Monday, July 25

Summer Reading

I hope you all read my post introducing the concept of minimalism. I took the challenge to heart and for the following week I recycled the same 6 articles of clothing AND made a list of my 100 most essential possessions. I admit that I cheated a bit by making my pots and pans a single category of item on the list. But I’m happy to have gone through the exercise, because now I’m more aware of the things I own, the things I need, and it helped me to scale back a lot on what I consider to be nonessentials. And best of all, it helped me to feel extremely productive. With the added sense of productivity and the organization and uncluttered-ness of my living space, I feel that my mind is a lot more uncluttered and I am ready to put toward higher pursuits.

I personally feel just because I've graduated doesn’t mean that my learning comes to a standstill. With the added free time and the lack of obligatory reading from classes, I want to start ramping up my reading. I don’t just mean reading the newspaper or blogs (though I certainly appreciate you all reading my “local voice”!), but picking up a paperback (or an eReader device) and reading a full-fledged novel. I've already made it through Jane Austen's Pride and Prejudice and Kate Chopin's The Awakening and Other Selected Short Stories. Below is a list of more classics and other novels that I hope to read, compliments of The Lisa Simpson Book Club on Tumblr:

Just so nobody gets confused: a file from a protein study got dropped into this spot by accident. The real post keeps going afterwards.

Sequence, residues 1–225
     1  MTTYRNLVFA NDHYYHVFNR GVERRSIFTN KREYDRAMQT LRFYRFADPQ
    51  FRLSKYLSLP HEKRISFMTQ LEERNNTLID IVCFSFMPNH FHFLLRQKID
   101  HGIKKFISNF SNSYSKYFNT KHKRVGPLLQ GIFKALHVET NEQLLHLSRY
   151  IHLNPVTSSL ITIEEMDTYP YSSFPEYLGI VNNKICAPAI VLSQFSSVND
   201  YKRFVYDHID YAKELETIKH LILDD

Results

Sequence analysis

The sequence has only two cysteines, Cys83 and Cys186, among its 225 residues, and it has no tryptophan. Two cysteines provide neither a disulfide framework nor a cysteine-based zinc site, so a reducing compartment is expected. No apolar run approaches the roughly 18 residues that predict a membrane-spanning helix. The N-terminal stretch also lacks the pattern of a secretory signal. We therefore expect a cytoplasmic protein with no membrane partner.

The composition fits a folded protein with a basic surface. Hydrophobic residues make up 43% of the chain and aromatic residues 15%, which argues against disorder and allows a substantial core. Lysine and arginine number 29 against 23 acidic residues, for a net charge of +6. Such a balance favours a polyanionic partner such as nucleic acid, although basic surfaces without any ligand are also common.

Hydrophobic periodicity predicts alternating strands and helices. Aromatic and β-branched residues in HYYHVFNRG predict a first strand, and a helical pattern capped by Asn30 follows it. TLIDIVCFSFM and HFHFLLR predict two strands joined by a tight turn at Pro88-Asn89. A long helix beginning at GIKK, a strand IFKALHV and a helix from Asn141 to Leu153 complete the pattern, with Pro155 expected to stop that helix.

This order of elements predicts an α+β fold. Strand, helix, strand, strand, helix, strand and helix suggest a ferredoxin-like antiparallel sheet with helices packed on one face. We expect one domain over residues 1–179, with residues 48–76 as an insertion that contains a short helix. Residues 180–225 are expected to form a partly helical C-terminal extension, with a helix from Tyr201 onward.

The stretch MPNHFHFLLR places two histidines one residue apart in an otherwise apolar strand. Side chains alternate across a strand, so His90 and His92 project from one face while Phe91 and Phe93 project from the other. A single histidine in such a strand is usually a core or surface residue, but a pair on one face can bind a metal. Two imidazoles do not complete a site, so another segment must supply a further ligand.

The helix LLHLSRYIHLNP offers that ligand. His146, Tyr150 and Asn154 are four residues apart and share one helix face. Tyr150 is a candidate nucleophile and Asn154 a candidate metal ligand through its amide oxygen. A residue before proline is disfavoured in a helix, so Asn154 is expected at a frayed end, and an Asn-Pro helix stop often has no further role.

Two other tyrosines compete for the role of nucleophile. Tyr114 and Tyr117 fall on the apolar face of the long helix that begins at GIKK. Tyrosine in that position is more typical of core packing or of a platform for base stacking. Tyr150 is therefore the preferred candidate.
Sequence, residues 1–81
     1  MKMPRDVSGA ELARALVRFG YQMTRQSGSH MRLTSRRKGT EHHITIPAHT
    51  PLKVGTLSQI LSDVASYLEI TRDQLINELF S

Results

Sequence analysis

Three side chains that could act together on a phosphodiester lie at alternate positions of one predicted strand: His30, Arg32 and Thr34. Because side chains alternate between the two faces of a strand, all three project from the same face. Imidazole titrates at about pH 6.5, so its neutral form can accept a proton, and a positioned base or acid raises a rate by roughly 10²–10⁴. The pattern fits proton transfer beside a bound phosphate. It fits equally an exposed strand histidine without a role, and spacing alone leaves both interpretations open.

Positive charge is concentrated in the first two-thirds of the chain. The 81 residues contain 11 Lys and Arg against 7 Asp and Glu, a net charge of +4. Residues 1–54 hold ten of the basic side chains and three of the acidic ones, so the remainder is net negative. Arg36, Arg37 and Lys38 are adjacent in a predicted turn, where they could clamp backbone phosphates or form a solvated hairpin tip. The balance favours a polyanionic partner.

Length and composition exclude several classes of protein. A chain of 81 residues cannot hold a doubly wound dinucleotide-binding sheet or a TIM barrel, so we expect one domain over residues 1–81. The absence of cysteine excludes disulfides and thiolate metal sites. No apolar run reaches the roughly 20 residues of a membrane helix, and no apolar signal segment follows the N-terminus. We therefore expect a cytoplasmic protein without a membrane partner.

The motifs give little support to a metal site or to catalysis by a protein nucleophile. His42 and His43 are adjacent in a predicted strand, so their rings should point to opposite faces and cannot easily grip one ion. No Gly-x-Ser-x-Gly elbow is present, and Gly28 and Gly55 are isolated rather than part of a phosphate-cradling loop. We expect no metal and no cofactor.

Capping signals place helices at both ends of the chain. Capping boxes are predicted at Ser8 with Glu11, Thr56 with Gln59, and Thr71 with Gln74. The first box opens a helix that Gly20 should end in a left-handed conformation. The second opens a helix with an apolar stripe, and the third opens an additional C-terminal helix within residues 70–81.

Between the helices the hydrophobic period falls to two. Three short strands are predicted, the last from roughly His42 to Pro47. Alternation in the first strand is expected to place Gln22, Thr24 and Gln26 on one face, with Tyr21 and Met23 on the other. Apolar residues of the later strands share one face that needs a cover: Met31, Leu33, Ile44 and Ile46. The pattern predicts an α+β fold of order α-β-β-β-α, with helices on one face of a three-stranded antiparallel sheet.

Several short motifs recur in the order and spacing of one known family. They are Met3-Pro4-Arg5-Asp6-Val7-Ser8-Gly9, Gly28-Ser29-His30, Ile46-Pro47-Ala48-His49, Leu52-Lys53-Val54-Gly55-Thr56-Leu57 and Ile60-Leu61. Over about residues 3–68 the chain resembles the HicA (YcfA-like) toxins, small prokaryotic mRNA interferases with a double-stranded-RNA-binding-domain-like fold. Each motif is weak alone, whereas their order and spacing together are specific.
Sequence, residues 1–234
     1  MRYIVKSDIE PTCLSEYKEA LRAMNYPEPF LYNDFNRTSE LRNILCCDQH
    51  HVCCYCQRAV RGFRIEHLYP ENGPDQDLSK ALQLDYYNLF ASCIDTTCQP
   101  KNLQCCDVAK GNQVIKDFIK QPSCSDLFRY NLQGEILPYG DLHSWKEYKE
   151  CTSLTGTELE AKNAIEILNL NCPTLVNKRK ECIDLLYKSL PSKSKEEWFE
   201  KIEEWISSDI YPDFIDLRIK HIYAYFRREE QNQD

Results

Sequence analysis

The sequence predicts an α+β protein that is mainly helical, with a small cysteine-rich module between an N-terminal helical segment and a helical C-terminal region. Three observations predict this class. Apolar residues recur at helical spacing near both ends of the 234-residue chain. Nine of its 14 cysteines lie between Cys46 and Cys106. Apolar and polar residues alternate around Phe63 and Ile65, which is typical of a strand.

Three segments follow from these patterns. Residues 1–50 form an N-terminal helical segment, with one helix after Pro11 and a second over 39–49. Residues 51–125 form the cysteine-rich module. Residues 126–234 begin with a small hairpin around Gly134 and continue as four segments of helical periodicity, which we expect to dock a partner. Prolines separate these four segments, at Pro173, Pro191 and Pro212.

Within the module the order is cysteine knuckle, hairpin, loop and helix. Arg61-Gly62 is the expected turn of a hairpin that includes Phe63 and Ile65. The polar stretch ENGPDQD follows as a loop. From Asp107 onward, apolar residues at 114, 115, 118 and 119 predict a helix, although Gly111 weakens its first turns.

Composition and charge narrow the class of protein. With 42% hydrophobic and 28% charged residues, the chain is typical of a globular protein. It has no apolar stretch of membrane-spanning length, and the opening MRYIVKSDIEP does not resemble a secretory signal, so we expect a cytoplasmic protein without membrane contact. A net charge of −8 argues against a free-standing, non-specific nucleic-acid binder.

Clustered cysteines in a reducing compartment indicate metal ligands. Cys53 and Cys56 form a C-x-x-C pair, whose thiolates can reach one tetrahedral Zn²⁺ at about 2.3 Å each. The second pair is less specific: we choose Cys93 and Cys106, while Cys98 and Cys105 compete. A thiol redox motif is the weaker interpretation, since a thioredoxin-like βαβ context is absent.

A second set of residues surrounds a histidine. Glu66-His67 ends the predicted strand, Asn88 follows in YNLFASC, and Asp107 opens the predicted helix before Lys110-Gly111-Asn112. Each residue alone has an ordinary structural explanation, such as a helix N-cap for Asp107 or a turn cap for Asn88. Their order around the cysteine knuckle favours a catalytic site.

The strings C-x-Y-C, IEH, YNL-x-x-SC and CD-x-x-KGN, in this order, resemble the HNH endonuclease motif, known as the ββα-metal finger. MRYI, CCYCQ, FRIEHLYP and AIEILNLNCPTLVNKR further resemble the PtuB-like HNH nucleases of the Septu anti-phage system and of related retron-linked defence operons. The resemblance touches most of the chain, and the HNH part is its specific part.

The Bell Jar, Sylvia Plath
Ghost World, Daniel Clowes
The Adventures of Tin Tin, Hergé
Ethan Frome, Edith Wharton
Man and Superman, George Bernard Shaw
Pippi Longstocking, Astrid Lindgren
The Master of the Senate, Robert Caro
The Corrections, Jonathan Franzen
The Babysitter’s Club, Ann M. Martin
The Harry Potter series, J.K. Rowling
The Joy Luck Club, Amy Tan
The poems of Emily Dickinson
The works of Jane Austen (1 down!)
The Rise and Fall of the Third Reich, William L. Shirer
Grimm’s Fairy Tales
The poems of Robert Pinsky
The work of Joyce Carol Oates
The work of Gore Vidal
Leaves of Grass, Walt Whitman
A Separate Peace, John Knowles
The work of Tom Wolfe
Moneyball, Michael Lewis

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